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The Ticking Hardcover – May 8, 2006
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Top Customer Reviews
I am sure there is someone out there-- in fact, I am sure there are a lot of someones out there-- who can read through The Ticking a few times and tell you all sorts of things about the subtext, the symbolism, and all sorts of other under-the-surface stuff about this book. I am not one of them. I'm just here to tell you that The Ticking is one of the flat-out oddest productions I have encountered in the universe of graphic literature.
Edison Steelhead's mother dies in childbirth. His father sees that Edison has inherited his own deformities, and sets about trying to get Edison plastic surgery to make him look more normal. Edison himself isn't sure about all this, and flees from the necessity of these confrontations into his career as an aspiring artist. Edison's father then brings home a sister for Edison-- Patrice, a chimpanzee, and Edison and Patrice begin down the road to siblinghood, one not smooth at the best of times. And that's just the beginning. Things get odder from there.
This is a book both amusing (how amusing you will find it depends largely on your capacity for appreciation of black humor) and horrifying, often in the same panel. French's panorama is the world of the deformed, but just as Katherine Dunn in Geek Love or Tod Browning in Freaks, French approaches her subjects with a warmth and humor that translates to the audience's ability to better relate to the book's subjects-- always a wonderful thing.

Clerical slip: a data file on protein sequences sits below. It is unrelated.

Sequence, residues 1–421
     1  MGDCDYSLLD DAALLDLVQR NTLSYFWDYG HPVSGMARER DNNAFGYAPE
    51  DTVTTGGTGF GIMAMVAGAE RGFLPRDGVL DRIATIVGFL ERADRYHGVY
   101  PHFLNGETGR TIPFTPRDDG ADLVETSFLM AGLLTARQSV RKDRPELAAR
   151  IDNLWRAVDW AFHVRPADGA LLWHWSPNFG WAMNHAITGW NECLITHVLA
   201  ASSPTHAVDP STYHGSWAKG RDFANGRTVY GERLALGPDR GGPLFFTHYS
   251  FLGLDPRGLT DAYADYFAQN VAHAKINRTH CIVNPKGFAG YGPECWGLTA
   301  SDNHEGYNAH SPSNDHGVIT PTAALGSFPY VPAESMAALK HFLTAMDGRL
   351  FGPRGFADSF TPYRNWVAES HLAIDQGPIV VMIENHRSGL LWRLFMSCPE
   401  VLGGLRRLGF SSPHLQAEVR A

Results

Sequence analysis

If the book has a problem, it's that it could have been longer. French's impressionist style is wonderful, and the holes that are left are done with an obvious sense of planning, but I'd still have liked to see a little more of... well, everything.Read more ›
There are many incredible illustrators, authors, and artists out there but very few succeed in creating a unique language with their work. Ms. French has. THE TICKING reaffirms our need for master storytelling, the experience of books, and the importance of the visual as language.
Most Recent Customer Reviews
Renee French is an excellent illustrator with a twisted sense of humour and story.Published 13 months ago by BNPQOE
The elegant perfection of this book can be read on its foil-stamped, cloth cover. From there things only improve.Published on December 18, 2009 by Arnold Magnet
I am a huge fan of Renee French. Since the day I purchased and was blown away by "Marbles in my Underpants" I've watched her stuff closely. I think she's a visionary. Read morePublished on April 1, 2007 by S Shepark
A penetrating treatise on modern canoe paddling and not an unbeautiful description of software development in an unspecified language. Read morePublished on January 13, 2007 by Charles A. Novich